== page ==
The bore for this gear is .504", and I figured a drill bit would get it
close. It came out right at that
number using a 1/2" bit. The piece is faced off to make a square
surface and then parted off. Put
that piece in the chuck with a piece of tool steel backing it up to
keep it square while the jaws are
tightened, the tool steel piece is removed, and the other side faced to
a length of .375".
That's it for the blank for the moment.
Now an arbor is made up to hold the blank. Once this arbor is
made, it is not removed from the
chuck until the gear is done.
A stub is turned on the end to match the bore of the gear blank, and a
little short of the thickness of the
blank, so the cap screw in the end of the arbor can squeeze down on the
blank and hold it fast.
Right behind the stub for the gear blank, a short distance is turned
down to a diameter that is under the
depth of cut for the teeth. This will keep the cutting tool from
dragging steel chips through the aluminum
gear blank when it is cut. If the gear were a larger OD, this
wouldn't be necessary, as the cutter wouldn't
be going close to the arbor to take the cut.
Now, the blank is put on the stub, tightened down nice and tight, and
turned to the diameter needed
for the gear. From this point on, the blank is not disturbed or
removed from the arbor, and again,
the arbor is not removed from the chuck. Every thing should be
happy in this relationship.
With the arbor and gear blank all made up in the same chuck setup, the
chuck can be removed...
...and mounted on the dividing head.
The gear I want to cut here will have 20 teeth. Time to figure
out how much cranking I
want to do on the handle between cuts. These numbers are
particular to my dividing head,
and any like it that use the same worm gear tooth count, (which is
probably not very many).
Never the less, this is the way it is done for any simple dividing
head. Just plug in the number
of the worm in your dividing head, and you should be good.
This dividing head has a 100 tooth worm gear. I have a few
division plates for it, and choose
a plate with 40 holes. Multiply the number of division holes by
the tooth count of the worm
gear, and you have the total number of divisions possible with that
setup. 40 x 100 = 4000.
So there are 4000 possible divisions.
I want 20 teeth; 4000/20 = 200. That means I need to
advance the crank on the dividing head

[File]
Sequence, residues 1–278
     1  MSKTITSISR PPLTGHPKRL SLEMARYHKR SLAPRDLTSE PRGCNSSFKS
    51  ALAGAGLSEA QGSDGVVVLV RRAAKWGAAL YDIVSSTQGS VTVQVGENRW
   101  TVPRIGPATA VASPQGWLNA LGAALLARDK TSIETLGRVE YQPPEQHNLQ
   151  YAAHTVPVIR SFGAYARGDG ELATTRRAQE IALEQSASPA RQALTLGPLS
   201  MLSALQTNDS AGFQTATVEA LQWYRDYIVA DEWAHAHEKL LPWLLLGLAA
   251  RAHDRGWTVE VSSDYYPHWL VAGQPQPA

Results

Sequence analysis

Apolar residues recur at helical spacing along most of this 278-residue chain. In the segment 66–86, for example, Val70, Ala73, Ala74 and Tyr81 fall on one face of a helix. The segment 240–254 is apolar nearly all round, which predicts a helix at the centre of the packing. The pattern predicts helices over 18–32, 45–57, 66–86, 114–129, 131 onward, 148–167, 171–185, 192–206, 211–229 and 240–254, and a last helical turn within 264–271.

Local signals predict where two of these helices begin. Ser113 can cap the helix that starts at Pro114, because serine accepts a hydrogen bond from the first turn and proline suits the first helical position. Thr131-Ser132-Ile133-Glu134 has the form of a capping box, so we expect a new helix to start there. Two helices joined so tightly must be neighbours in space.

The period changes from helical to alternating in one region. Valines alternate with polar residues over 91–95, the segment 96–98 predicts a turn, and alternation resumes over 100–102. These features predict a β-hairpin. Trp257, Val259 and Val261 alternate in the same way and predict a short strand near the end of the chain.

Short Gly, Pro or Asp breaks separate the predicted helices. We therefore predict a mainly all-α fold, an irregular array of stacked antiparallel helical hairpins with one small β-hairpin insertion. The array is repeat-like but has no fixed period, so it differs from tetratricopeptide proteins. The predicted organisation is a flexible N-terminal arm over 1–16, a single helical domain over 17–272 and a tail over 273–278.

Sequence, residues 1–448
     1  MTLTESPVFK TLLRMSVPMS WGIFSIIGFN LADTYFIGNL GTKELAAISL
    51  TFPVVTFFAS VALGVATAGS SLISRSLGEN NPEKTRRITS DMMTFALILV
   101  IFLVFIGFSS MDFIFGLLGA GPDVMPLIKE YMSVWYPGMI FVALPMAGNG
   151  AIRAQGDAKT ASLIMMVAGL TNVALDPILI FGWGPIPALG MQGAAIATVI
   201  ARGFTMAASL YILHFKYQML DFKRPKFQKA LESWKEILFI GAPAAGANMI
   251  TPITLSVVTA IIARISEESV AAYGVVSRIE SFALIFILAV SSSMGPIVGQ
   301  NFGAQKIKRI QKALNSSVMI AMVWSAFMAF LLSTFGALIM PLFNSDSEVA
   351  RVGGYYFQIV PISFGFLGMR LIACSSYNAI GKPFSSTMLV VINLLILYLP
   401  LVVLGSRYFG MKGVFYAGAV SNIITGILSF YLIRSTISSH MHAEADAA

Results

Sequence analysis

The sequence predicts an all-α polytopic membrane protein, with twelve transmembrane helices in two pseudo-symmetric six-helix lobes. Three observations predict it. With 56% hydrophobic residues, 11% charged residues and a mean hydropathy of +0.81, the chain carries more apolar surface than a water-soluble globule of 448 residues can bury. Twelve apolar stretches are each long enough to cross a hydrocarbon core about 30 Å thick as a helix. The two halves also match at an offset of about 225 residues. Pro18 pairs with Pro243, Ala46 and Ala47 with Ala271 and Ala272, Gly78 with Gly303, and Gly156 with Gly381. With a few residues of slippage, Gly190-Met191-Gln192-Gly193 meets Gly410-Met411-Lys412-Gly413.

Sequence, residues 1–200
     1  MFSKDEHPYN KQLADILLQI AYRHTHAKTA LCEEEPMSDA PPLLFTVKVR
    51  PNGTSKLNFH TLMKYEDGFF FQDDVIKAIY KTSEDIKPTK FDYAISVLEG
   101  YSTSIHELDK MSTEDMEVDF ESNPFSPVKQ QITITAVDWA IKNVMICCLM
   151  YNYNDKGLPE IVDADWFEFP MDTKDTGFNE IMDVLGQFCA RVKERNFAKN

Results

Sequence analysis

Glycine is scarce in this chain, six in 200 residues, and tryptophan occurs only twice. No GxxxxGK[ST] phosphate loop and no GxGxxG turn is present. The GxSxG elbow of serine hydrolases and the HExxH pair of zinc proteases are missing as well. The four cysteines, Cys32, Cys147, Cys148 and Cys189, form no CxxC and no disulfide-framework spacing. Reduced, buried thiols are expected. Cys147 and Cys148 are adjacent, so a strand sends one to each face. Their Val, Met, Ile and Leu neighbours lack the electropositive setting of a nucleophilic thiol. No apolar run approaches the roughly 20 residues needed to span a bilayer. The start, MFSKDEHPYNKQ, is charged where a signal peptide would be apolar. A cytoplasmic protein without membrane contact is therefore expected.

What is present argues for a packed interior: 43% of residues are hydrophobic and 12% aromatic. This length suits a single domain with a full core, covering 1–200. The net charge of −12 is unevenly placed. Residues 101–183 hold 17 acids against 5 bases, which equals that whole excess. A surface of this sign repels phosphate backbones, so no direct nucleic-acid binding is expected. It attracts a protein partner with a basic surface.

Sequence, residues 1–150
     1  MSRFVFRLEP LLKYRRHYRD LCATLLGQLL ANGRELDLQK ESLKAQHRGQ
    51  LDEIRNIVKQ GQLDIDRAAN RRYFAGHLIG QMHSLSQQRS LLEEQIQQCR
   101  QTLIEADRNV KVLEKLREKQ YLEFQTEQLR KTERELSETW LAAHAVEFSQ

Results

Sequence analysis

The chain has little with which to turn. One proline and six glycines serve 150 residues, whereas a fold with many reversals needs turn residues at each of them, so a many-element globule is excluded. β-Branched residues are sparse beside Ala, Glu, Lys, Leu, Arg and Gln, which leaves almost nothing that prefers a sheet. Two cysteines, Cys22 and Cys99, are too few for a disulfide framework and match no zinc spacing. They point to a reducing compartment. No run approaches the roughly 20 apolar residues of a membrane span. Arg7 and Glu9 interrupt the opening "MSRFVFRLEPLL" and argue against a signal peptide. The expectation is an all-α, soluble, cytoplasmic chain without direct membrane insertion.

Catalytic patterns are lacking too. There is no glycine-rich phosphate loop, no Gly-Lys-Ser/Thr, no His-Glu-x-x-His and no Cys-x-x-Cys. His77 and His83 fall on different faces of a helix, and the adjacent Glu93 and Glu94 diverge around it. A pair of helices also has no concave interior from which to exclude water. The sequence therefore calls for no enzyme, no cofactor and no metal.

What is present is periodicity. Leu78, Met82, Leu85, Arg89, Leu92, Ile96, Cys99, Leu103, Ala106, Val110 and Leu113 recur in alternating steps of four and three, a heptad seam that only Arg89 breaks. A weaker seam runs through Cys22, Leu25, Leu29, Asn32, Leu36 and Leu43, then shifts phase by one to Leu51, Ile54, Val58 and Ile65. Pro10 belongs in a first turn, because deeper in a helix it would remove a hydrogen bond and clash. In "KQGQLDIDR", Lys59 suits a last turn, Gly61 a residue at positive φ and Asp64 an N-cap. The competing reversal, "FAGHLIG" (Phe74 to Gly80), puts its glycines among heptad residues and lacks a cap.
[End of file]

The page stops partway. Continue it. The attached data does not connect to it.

200 holes for each tooth to be cut on the gear. Instead of
counting all those holes each time, the
number of holes in one rotation of the crank on the division plate can
be divided into the total
number of holes needed to get full rotation turns of the crank, plus
any remaining holes needed.
In this case, 200, (the number of holes to advance for each cut)
divided by 40, (the number of
holes in the division plate) tells me the full turns; 200/40 =
5. Well, that's lucky. Exactly five turns
of the crank for each cut on the gear.
It doesn't always work out that way, but I'll take it when I can get
it. Sometimes you have a
remainder, and have to add those holes after the full rotations of the
After setting the dividing head square to the mill table, its crank
handle is set to the "0" mark.
The cutter is set on center line of the gear blank. With the tip
of the cutter against the OD of
the blank, the Y axis dial is set to zero. Move the cutter
out of the way a bit, and crank the X
axis back enough so the cutter won't bash the gear blank on start
up. Give the cutter a turn by
hand to make sure it doesn't hit the chuck jaws when the X axis is at
its starting point. Dial in a
few thou on the Y, run the X to the right to make a cut, and
return to zero. Keep dialing in Y
a few thou and running the X back and forth until the depth of
cut is reached.
Stop the mill, crank in my five turns on the dividing head and return
the Y dial to zero.
Repeat until there are no more places to put teeth on the blank.
Here's the last cut, just done.
Look it over well to see if they all appear to be the same, (and that's
what we're shootin' for!).
There's usually no going back once you take the gear off the
I checked the new gear against the old busted bit. Pretty good,
though I have bumped them
slightly out of time trying to hold still for this picture.
I put the new one in it's place and turned the lathe spindle 'round and
'round, and 'round a
bunch more, waiting for a tight spot that never showed up. Okay,
This short vid shows the new gear in its place, doing its thing.
It's the gear directly below
the spindle gear. All of the running gear is engaged in the vid,
including the back gear, so you
can hear a lot of gear noise. That's the way it sounds.